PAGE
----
"The people of South Korea do not want to enter the new year with Park Geun-hye as president," Choo Mi-ae, leader of the main opposition Democratic Party, said at the start of the meeting. "There is only one way under our constitution to halt a term of a president and that's an impeachment motion."

After the meeting, the three parties told a joint news conference that Park must step down immediately without setting any conditions and that their push for her impeachment remains unchanged. The opposition parties agreed to put an impeachment motion to a vote as early as this Friday or meet again if this plan doesn't work, according to Yonhap news agency. The Democratic Party, formerly known by its Korean-language name, Minjoo, couldn't immediately confirm the report.

The opposition have previously said they would try to impeach Park either this Friday or on Dec. 9, when a parliamentary plenary session is scheduled. Support from two-thirds of the 300-member parliament is needed to impeach Park. The three opposition parties and anti-Park independent lawmakers have a total of 172 seats, meaning they need help from dissenters in Park's ruling Saenuri Party.

It was unclear how much Park's overture could divide those who earlier supported her impeachment. But some in the Saenuri Party have already raised the need to review whether to try to impeach her or come up with other ways for her departure.

If impeached, Park's presidential powers are immediately suspended until the Constitutional Court makes a ruling on her fate. The court has 180 days of deliberation. Park, in her Tuesday speech, continued to deny accusations by prosecutors that she colluded in the criminal activities of her longtime friend Choi Soon-sil, who, despite having no official role in government, allegedly had a say in policy decisions and exploited her presidential ties to bully companies into giving large sums of money to businesses and foundations that Choi controlled.

"If the ruling and opposition parties discuss and come up with a plan to reduce the confusion in state affairs and ensure a safe transfer of governments, I will step down from the presidential position under that schedule and by processes stated in law," she said. Park refused to take any question from journalists after her comments.

Prosecutors have indicted Choi, two ex-presidential officials and a music video director known as a Choi associate for extortion, leaking confidential documents and other charges. Park, who has immunity from prosecution while in office, has refused to meet with prosecutors. Her lawyer says the prosecutors' accusations are groundless.

Park is the daughter of late dictator Park Chung-hee, whose 18-year rule ended after he was gunned down by his own intelligence chief in 1979.

Associated Press writer Kim Tong-hyung contributed to this report.

Mass rally planned in Seoul calling for Park's ouster

November 12, 2016

SEOUL, South Korea (AP) — Tens, and possibly hundreds, of thousands of South Koreans were expected to rally in Seoul on Saturday demanding the ouster of President Park Geun-hye in what would be one of the biggest protests in the country since its democratization about 30 years ago.

Police anticipate about 170,000 people to turn out near City Hall and an old palace gate, while the protest organizers estimate as much as a million participants. It will be the latest of a wave of massive rallies against Park, whose presidency has been shaken by suspicion that she let a shadowy longtime confidante to manipulate power from behind the scenes.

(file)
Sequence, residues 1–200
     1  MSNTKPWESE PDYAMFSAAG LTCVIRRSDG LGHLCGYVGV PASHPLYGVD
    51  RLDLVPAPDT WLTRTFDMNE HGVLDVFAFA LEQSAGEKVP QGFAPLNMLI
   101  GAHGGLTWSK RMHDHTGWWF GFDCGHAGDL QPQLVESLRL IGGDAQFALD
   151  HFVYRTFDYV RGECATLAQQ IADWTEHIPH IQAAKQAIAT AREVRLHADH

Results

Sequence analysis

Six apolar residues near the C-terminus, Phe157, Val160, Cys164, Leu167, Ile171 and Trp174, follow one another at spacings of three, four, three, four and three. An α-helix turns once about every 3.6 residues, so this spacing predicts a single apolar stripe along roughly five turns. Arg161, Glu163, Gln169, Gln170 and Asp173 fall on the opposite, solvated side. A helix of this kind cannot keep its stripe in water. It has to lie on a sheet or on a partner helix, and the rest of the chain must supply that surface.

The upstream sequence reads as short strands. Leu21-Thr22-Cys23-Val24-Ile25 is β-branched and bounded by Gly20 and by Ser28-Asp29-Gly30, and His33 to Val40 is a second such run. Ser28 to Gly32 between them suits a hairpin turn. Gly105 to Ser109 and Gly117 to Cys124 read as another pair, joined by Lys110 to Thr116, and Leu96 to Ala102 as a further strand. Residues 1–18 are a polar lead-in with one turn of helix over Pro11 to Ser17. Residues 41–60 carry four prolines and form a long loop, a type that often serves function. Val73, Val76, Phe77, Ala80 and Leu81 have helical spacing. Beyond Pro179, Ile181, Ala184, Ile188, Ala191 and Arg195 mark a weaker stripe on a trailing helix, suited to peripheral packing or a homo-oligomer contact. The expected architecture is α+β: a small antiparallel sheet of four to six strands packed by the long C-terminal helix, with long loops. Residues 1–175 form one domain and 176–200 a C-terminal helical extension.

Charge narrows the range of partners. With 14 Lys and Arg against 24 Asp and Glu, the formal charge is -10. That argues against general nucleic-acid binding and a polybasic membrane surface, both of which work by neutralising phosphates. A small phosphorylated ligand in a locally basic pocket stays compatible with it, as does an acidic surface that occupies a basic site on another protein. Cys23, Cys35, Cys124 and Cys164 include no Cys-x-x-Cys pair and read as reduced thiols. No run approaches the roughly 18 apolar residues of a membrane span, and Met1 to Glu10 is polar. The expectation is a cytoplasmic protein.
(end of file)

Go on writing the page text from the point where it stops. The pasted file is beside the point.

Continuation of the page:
Park's friend, Choi Soon-sil, the daughter of a late cult leader who emerged as Park's mentor in the 1970s, is also suspected of exploiting her presidential ties to bully companies into donating tens of millions of dollars to foundations she controlled.

Despite rising public anger, opposition parties have yet to seriously push for Park's resignation or impeachment over fears of negatively impacting next year's presidential race. However, they have threatened to campaign for resignation if she doesn't distance herself from state affairs.

The protest on Saturday was expected to be the largest in the capital since June 10, 2008, when police said 80,000 people took part in a candlelight vigil denouncing the government's decision to resume U.S. beef imports amid persisting mad cow fears. Organizers then estimated the crowd at 700,000.

In the summer of 1987, millions of South Koreans rallied in Seoul and other cities for weeks before the then-military government caved in to demands for free presidential elections. In an attempt to stabilize the situation, Park on Tuesday said she would let the opposition-controlled parliament choose her prime minister. But opposition parties say her words are meaningless without specific promises about transferring much of her presidential powers to a new No. 2.

Prosecutors have arrested Choi, one of her key associates and two former presidential aides who allegedly helped Choi interfere with government decisions and amass an illicit fortune at the expense of businesses.

Prosecutors also on Friday summoned the chairman of steelmaker POSCO over allegations that Choi and her associates tried to forcibly take over the shares of an advertisement company previously owned by the steelmaker.On Tuesday, they raided the headquarters of smartphone giant Samsung Electronics, the country's largest company, which is under suspicion of spending millions of dollars illicitly financing the equestrian training of Choi's athlete daughter.

Under South Korea's criminal litigation law, which requires suspects to be either indicted or released within 20 days of their arrest, prosecutors have until Nov. 20 to formally charge Choi. There is also a possibility that prosecutors will eventually investigate Park, who in a televised apology last week said she would accept a direct investigation into her action. The president has immunity from prosecution except in cases of treason, under South Korean law, but she can be investigated.

Park has 15 months left in her term. If she steps down before the end of it, an election must be held within 60 days.